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Since she is your personal teacher, why don’t you ask her the reason you are learning the chord progressions?


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Thank you for all the suggestions. Yes, I should have asked my teacher why I practice this. But I already got some ideas by seeing the comments here.
I only take lesson once a week, and there are many things I need to catch up, usually chord progression is the thing I always forget. That's why I asked.

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Originally Posted by scientistplayspian
Thank you for all the suggestions. Yes, I should have asked my teacher why I practice this. But I already got some ideas by seeing the comments here.
I only take lesson once a week, and there are many things I need to catch up, usually chord progression is the thing I always forget. That's why I asked.

Maybe ask your teacher how often and how long you need to practice these. Once you get that information, you can create a ‘to do’ list to leave beside your piano so you don’t forget


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Okay, I'm fully versed in comp chords for playing and singing. But that video is like drinking from a fire hydrant for a newbie. Maybe a pop tune at the beginning would be better context, for I, IV, V, progressions? After all there are hundreds. The Roman numeral system was always referred as Nashville numbering. Google that. Then chord inversions, to me, is a separate thing.


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Originally Posted by scientistplayspian
Are musicians really follow these progressions? Would not it sound boring this way?
I don't know what your teacher is about. Is she teaching jazz (lead sheets & transposition on the fly) or classical?

Why would a student at the level of Clementi sonatinas need to learn to transpose such chord progressions into E flat (or whatever) to accompany a saxophonist who wants/needs to play in that key?

I'd say, on a scale of 1 to 10 of usefulness for a classical pianist at beginner-intermediate level, that video is pretty close to zero.

(If you're into jazz, just disregard my post.)


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It would be interesting if you can find out from your teacher why she has suggested this and let us know. Maybe I am not familiar with chord progressions but I-IV-I-V7-I is not something I knew about. I think it is of a little interest as the base line doesnt move much as with the inversion the base line is only moves one tone above and below the tonic note (C, F/C, C, G/D, C). I am not sure it is super useful to spend time transposing this but as said it may be because you are learning jazz. still, why would you need to transpose this for a jazz player and would a jazz player really learn a clementi sonatina ?

I would have thought it was more interesting to learn cadences which are the ending of the phrase. As far as I remember the end of the first phrase in the piece is a perfect cadence Dm - G - C. I think it sounds a little different beileve and has a suspension which resolves. I have to be honest here and cant really testify if this is useful or not as as most of the time I cannot recognise. It was something I was taught rather than chord progressions so maybe this is why I thought to mention this.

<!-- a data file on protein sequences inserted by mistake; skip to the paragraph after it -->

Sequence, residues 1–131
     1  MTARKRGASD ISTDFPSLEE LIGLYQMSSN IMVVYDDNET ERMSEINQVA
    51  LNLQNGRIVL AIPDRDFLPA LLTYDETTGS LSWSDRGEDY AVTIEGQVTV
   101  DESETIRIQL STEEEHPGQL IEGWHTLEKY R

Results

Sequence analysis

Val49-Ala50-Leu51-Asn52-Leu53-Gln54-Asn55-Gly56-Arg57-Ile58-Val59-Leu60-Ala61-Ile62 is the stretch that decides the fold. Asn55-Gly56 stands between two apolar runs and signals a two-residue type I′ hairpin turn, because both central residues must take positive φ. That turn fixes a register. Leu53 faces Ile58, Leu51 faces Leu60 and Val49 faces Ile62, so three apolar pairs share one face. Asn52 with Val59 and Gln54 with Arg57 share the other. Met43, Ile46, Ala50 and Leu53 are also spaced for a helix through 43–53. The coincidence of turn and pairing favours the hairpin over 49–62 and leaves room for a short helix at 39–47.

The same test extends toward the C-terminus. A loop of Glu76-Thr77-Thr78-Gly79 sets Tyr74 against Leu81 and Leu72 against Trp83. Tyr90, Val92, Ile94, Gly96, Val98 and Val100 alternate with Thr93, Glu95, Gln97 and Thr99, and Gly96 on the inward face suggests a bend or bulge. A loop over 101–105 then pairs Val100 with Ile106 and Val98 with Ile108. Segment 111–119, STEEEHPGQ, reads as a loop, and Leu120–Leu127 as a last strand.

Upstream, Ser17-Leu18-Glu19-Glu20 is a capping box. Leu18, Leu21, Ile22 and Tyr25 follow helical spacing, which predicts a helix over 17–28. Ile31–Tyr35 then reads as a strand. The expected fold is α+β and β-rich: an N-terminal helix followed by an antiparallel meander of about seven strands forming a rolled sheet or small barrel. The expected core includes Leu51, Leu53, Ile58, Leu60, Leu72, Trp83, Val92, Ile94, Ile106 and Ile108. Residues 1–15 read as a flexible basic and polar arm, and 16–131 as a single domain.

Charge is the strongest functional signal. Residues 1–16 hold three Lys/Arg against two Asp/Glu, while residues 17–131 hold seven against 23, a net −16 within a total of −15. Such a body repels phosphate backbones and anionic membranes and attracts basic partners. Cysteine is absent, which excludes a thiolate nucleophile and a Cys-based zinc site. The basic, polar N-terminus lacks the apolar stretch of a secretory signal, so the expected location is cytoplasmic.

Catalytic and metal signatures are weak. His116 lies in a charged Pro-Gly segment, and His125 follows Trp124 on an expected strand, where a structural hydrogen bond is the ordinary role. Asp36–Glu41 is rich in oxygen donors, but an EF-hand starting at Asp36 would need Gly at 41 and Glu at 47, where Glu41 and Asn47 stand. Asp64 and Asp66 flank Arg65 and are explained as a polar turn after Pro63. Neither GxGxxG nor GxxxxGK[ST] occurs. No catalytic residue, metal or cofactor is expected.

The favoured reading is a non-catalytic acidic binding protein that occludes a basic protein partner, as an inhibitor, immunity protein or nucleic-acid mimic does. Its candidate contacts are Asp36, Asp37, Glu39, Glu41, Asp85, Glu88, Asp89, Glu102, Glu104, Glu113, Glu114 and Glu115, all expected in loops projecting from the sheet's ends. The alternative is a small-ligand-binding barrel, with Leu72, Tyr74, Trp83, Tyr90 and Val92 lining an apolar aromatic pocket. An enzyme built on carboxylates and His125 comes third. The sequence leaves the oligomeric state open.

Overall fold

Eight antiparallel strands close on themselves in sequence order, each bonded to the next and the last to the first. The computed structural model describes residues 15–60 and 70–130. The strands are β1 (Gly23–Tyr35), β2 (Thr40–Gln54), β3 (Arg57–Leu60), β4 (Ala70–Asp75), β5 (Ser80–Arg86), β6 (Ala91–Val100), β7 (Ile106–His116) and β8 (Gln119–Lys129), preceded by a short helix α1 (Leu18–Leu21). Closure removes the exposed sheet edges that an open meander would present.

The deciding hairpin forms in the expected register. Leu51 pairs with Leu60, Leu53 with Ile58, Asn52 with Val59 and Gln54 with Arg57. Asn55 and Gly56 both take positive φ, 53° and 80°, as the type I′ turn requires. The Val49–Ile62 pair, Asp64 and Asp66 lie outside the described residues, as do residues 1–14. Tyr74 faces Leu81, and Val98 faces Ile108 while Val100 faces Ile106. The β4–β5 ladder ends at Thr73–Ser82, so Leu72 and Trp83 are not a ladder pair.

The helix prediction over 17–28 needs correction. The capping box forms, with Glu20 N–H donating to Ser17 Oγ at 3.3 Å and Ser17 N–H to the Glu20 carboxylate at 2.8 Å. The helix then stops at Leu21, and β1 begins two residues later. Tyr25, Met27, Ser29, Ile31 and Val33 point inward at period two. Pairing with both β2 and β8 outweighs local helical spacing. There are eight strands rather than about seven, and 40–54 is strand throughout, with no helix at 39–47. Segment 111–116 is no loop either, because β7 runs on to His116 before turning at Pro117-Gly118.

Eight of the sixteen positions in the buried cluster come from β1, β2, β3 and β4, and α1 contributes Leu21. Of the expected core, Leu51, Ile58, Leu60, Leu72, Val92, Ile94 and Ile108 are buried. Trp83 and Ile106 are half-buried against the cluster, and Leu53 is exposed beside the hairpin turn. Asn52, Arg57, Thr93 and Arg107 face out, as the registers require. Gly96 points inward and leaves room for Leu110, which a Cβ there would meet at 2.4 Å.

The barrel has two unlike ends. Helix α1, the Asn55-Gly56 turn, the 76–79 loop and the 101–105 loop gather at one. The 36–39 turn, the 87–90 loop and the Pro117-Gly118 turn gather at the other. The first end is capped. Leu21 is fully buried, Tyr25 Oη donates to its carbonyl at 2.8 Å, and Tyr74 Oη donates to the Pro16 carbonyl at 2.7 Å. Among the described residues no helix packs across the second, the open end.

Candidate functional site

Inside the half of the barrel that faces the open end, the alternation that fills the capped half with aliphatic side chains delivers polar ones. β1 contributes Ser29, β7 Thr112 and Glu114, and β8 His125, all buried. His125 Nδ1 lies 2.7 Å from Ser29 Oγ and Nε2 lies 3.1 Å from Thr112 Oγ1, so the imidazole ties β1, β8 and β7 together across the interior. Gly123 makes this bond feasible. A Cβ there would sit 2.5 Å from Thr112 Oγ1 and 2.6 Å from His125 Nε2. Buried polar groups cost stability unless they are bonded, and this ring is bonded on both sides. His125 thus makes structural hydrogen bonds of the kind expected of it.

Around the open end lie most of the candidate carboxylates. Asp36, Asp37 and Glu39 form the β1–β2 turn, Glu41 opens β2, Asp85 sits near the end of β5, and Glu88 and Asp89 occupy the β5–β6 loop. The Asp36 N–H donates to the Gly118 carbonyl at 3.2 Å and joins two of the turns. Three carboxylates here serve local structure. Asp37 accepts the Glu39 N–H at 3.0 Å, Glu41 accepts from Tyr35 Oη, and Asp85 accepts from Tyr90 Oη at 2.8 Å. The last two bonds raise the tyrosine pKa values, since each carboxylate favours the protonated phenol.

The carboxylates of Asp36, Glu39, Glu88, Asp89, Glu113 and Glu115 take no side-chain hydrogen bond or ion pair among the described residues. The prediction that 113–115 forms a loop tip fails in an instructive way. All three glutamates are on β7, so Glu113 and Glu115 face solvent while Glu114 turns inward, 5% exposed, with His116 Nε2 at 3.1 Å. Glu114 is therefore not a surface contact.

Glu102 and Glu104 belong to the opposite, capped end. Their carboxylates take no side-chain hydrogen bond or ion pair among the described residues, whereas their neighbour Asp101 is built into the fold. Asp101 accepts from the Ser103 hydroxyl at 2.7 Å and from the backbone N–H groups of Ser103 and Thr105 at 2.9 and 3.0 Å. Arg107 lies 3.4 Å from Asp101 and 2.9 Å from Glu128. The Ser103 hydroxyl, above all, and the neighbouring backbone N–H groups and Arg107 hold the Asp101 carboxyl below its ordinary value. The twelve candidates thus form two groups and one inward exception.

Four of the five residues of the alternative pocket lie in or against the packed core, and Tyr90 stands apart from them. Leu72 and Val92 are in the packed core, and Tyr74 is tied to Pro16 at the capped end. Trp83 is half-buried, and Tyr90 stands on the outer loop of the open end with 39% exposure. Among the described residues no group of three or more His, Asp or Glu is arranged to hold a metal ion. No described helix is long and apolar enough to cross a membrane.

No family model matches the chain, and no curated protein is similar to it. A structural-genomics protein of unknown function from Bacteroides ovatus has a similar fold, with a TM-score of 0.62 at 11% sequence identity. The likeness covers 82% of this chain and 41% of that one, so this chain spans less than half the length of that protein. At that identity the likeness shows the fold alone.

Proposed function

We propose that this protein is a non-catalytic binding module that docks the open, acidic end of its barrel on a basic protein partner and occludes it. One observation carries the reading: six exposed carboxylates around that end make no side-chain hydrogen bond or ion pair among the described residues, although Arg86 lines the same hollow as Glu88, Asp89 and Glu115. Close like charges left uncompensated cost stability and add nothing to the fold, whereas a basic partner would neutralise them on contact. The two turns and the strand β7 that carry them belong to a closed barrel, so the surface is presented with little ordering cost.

My teacher tends to point out important aspects of music. For example, I am quite new to classical period music but am learning a rondo by mozart which he said was in sort of sonata form so he went over what was a sonata form and a rondo form. Similarly a sonatina such as your piece, it maybe an interesting discussion to see whether if follows a form of a sonata in the classical period. The sonatina piece I am learning had 3 movements. even the term sonata changes with the periods. a scarlatti sonata and a classical sonata is not the same. and now later it may mean something else. Music can be super confusing as it keeps changing with time but it may be worth knowing what sonata form is as it can help you play and understand music.

Good luck!

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Originally Posted by bennevis
Why would a student at the level of Clementi sonatinas need to learn to transpose such chord progressions into E flat (or whatever) to accompany a saxophonist who wants/needs to play in that key?

I'd say, on a scale of 1 to 10 of usefulness for a classical pianist at beginner-intermediate level, that video is pretty close to zero.
Well, to be fair the sonatina she mentions (Clementi op. 36 no. 6) is actually listed as level 7 in the RCM syllabus and the same syllabus lists for that level's requirements the I-IV-V-I cadences in the keys of C, D, F, A-flat, and G-flat (and parallel minors), so I don't think this is totally irrelevant.

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I read it many times from jazz player,

If you want to learn jazz practice 2 5 1 in every key.



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Originally Posted by Serge88
I read it many times from jazz player,

If you want to learn jazz practice 2 5 1 in every key.
Yes.

Moo those videos are fun. My favorites are autumn leaves and all the things you are. I started my piano journey there before moving to classical.

I-IV-I-V7-I is a rock and pop progression.